Monthly Means More Money
There aren’t many sure bets in the competitive world of fundraising, but monthly giving programs are about as close as they come. These programs will provide your non-profit: (a) reliable, predictable sources of fundraising revenue that can fund everything from ongoing projects to unexpected expenses; (b) much higher retention rates; (c) more qualified pools of planned and major gift prospects; and (d) higher donor lifetime value. Non-profits of all sizes can manage them. We’re excited to bring back arguably the nation’s most respected and knowledgeable expert on monthly giving, Erica Waasdorp, President, A Direct Solution, who has authored two books, written hundreds of guest columns and blogs and given countless presentations on the subject. Join our learning community of professional and volunteer leaders to learn how your non-profit can design, implement and improve your monthly giving initiatives. The webinar will be conducted Wednesday, April 26th, 4 to 5 p.m. Central time. The webinar is free, but you must register here.
From our friends at Give Smart: Looking to spice things up for your next live fundraising campaign or virtual event? Games are a great way to raise additional funds, entertain supporters, and keep guests engaged through participation. Some friendly competition may also increase your fundraising potential as donor competition fuels stronger fundraising. While you may have a few generous donors who frequently make donations, a creative fundraiser like a game allows everyone to get in on the fun. When creating your fundraiser games, some key principles to keep in mind:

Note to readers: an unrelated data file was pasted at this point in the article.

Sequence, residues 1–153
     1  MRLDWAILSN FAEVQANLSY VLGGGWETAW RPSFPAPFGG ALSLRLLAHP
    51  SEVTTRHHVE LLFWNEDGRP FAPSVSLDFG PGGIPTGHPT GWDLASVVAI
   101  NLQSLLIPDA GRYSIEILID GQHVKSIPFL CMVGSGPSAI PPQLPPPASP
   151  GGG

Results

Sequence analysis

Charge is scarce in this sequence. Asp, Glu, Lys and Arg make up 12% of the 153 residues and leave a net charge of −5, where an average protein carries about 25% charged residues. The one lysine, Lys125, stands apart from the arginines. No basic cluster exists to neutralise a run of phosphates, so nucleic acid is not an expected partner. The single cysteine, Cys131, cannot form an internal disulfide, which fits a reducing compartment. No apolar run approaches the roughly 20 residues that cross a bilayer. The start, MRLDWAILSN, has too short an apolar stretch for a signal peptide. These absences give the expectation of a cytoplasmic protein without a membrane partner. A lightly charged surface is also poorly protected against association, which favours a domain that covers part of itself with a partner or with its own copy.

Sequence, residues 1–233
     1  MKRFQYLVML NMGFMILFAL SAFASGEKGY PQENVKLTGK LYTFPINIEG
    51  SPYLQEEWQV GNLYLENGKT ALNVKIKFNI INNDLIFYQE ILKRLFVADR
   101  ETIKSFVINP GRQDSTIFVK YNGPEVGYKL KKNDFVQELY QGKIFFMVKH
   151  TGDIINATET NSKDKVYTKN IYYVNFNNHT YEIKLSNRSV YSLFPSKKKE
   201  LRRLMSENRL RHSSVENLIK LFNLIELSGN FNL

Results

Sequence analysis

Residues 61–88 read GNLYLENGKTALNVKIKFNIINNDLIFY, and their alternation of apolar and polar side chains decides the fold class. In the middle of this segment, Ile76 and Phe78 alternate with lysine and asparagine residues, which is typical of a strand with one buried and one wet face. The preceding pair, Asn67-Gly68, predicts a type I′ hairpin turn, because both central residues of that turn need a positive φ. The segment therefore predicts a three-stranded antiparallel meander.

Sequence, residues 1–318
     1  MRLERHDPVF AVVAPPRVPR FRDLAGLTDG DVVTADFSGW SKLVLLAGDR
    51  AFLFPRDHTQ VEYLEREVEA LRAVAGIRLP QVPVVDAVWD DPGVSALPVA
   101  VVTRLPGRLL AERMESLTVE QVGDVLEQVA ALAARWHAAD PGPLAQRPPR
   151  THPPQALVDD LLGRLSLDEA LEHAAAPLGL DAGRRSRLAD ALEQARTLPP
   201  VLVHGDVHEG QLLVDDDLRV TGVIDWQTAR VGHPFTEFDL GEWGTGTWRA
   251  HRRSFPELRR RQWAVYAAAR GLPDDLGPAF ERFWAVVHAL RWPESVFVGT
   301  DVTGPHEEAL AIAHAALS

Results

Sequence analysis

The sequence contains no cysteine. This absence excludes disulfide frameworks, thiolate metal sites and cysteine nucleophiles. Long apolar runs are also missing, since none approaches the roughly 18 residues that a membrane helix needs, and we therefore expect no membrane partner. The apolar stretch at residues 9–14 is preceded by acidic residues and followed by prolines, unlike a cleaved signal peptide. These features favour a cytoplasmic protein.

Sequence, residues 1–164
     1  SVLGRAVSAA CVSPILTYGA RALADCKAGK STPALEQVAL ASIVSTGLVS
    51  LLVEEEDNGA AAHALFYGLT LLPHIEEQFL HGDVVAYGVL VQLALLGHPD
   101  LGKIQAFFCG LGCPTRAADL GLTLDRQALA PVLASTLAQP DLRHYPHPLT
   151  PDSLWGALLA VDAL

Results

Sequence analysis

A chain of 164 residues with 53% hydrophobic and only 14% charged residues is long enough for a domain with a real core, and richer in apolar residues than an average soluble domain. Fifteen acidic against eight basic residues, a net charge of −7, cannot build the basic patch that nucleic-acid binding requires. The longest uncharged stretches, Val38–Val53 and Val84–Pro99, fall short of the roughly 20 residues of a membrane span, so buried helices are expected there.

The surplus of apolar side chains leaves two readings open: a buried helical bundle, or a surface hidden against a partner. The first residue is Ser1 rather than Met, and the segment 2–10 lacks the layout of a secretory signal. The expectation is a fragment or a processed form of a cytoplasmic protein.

- Make sure your fundraising activity is easy for attendees to understand.
- Make sure your organization has the resources to administer and manage the event to raise more money.
- Whether you decide to use auction games, festival games, or mobile fundraising, set a time limit to your event to keep engagement levels high.
- Most importantly, make sure your creative fundraiser is fun!
AI, AI, AI
Hardly a day (or an hour) goes when you don’t hear this subject brought up. ChatGPT, — a virtual assistant that automates tedious tasks such as appointment booking and reservation management, eliminating the need for manual labor — burst onto the scene late last year, and since then it’s inspired a deluge of think pieces, debate, and prognostications from AI experts. But how are the majority of people actually using it, and what do they think? To answer that question, WordFinder, a game helper powered by YouDictionary, surveyed 1,024 Americans and 103 AI experts on their opinions of ChatGPT. Here are the key findings:
- Few people use ChatGPT regularly: While 46% of respondents say they’ve tried ChatGPT once or twice, only 19% use ChatGPT more than once a week, and only 5% use ChatGPT every day.
- When they do, it’s typically for personal use: 74% of people say they only use ChatGPT for personal reasons, and 17% say they use it for work with their employer’s knowledge. Only 10% say they use it for work or school without their employer or school’s knowledge.
- People mostly use ChatGPT to come up with ideas: 41% of respondents say they use ChatGPT to generate ideas, 20% to create content, 14% to respond to an e-mail, 11% to write code, and 10% to write a résumé or cover letter.
- Most respondents aren’t worried about being replaced: 81% say they aren’t worried about losing their job to GPT, 13% say they aren’t sure, and 6% say they are worried about job loss.
- As for how they think ChatGPT might change the way we communicate, the number one way the expert respondents see ChatGPT doing this is by improving the accuracy and efficiency of our ability to translate languages.